Regina v Secretary of State for the Environment, ex parte Nottinghamshire County Council: HL 12 Dec 1985

The House heard a judicial review of the Secretary of State’s assessment of the proper level of expenditure by a local authority.
Held: A ‘low intensity’ of review is applied to cases involving issues ‘depending essentially on political judgment’.
Lord Scarman said: ‘To sum it up, the levels of public expenditure and the incidence and distribution of taxation are matters for Parliament, and, within Parliament, especially for the House of Commons . . If a statute, as in this case, requires the House of Commons to approve a minister’s decision before he can lawfully enforce it, and if the action proposed complies with the terms of the statute . . it is not for the judges to say that the action has such unreasonable consequences that the guidance upon which the action is based and of which the House of Commons had notice was perverse and must be set aside. For that is a question of policy for the minister and the Commons, unless there has been bad faith or misconduct by the minister. Where Parliament has legislated that the action to be taken by the Secretary of State must, before it is taken, be approved by the House of Commons, it is no part of the judges’ role to declare that the action proposed is unfair, unless it constitutes an abuse of power in the sense which I have explained.’
Lord Scarman, Lord Roskill, Lord Bridge of Harwich, Lord Templeman, Lord Griffiths
[1986] AC 240, [1985] UKHL 8, [1986] 1 All ER 199, [1986] 2 WLR 1
Bailii
England and Wales
Cited by:
CitedOffice of Fair Trading and others v IBA Health Limited CA 19-Feb-2004
The OFT had considered whether it was necessary to refer a merger between two companies to the Competition Commission, and decided against. The Competition Appeal Tribunal held that the proposed merger should have been referred. The OFT and parties . .
CitedRegina v Hillingdon London Borough Council Ex parte Puhlhofer HL 2-Jan-1986
Not Homeless Even if Accomodation Inadequate
The applicants, a married couple, lived with a young child and later also a baby in one room of a guest house. They were given breakfast but had no cooking or washing facilities. They succeeded on a judicial review of the housing authority’s . .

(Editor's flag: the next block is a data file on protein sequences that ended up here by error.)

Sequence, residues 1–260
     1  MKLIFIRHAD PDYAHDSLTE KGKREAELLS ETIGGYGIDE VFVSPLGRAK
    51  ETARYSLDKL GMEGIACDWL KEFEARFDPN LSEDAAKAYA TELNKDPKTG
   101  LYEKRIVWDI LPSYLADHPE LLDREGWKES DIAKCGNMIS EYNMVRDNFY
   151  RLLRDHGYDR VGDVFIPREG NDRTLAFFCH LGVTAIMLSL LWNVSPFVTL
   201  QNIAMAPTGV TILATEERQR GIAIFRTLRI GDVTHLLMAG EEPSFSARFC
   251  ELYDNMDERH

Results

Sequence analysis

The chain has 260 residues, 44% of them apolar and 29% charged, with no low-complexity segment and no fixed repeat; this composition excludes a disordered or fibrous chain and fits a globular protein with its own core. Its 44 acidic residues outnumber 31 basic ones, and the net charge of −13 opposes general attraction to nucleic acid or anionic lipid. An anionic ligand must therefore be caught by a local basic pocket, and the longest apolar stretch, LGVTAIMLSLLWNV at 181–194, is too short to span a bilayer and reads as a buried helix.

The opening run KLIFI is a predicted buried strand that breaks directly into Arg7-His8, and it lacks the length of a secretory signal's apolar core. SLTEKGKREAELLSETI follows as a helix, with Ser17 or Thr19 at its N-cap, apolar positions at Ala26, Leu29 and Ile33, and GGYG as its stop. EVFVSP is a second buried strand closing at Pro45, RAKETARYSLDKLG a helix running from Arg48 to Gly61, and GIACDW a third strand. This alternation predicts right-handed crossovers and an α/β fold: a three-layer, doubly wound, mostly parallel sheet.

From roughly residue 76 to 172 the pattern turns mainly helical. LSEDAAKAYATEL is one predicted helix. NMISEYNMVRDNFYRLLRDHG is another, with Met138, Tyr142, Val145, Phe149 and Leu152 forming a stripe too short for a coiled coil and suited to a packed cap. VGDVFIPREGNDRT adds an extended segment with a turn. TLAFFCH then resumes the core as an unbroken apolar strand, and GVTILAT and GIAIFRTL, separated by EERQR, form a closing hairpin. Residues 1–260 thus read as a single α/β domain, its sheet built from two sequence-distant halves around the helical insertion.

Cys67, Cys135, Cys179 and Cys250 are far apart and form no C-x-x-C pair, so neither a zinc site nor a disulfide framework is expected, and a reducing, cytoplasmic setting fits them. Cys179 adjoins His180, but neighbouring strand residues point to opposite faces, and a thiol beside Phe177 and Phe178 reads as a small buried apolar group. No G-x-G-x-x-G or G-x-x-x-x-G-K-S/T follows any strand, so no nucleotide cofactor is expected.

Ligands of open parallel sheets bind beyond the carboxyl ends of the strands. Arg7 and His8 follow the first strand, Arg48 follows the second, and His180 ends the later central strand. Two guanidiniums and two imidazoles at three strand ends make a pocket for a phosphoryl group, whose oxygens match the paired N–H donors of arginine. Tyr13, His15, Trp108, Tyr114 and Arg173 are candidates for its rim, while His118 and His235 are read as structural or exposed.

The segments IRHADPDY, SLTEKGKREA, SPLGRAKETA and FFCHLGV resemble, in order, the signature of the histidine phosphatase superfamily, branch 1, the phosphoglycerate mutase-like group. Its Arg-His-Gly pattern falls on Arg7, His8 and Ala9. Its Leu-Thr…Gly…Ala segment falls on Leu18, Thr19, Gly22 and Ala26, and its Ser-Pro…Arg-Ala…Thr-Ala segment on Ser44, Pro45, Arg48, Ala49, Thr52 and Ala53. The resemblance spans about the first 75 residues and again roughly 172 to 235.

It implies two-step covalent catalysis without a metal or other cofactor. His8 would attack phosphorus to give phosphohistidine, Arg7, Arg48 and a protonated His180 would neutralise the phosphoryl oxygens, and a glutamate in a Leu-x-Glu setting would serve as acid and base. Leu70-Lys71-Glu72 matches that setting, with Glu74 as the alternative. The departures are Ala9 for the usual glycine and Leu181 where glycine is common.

CitedSomerville v Scottish Ministers HL 24-Oct-2007
The claimants complained of their segregation while in prison. Several preliminary questions were to be decided: whether damages might be payable for breach of a Convention Right; wheher the act of a prison governor was the act of the executive; . .
CitedLondon Borough of Hillingdon and Others, Regina (on the Application of) v The Lord Chancellor and others Admn 6-Nov-2008
The claimant challenged the substantial increase in court fees in public law children cases in the Fees Orders. The respondent said that the orders were intended to reflect the true costs of such proceedings and that funding had been provided to . .
CitedAXA General Insurance Ltd and Others v Lord Advocate and Others SC 12-Oct-2011
Standing to Claim under A1P1 ECHR
The appellants had written employers’ liability insurance policies. They appealed against rejection of their challenge to the 2009 Act which provided that asymptomatic pleural plaques, pleural thickening and asbestosis should constitute actionable . .
CitedBAPIO Action Ltd and Another, Regina (on the Application of) v Secretary of State for the Home Department and Another CA 9-Nov-2007
The action group appealed against refusal of a judicial review of guidelines as to the employment of non-EU doctors, saying that they were in effect immigration rules and issuable only under the 1971 Act. The court had said that since the guidance . .
CitedBank Mellat v Her Majesty’s Treasury (No 2) SC 19-Jun-2013
The bank challenged measures taken by HM Treasury to restrict access to the United Kingdom’s financial markets by a major Iranian commercial bank, Bank Mellat, on the account of its alleged connection with Iran’s nuclear weapons and ballistic . .
CitedMiller, Regina (on the Application of) v The Prime Minister; Cherry QC v Lord Advocate SC 24-Sep-2019
Prerogative act of prorogation was justiciable.
The Prime Minister had prorogued Parliament for a period of five weeks, leaving only a short time for Parliament to debate and act the forthcoming termination of the membership by the UK of the EU. The Scottish Court had decided (Cherry) that the . .

These lists may be incomplete.
Updated: 19 February 2021; Ref: scu.194047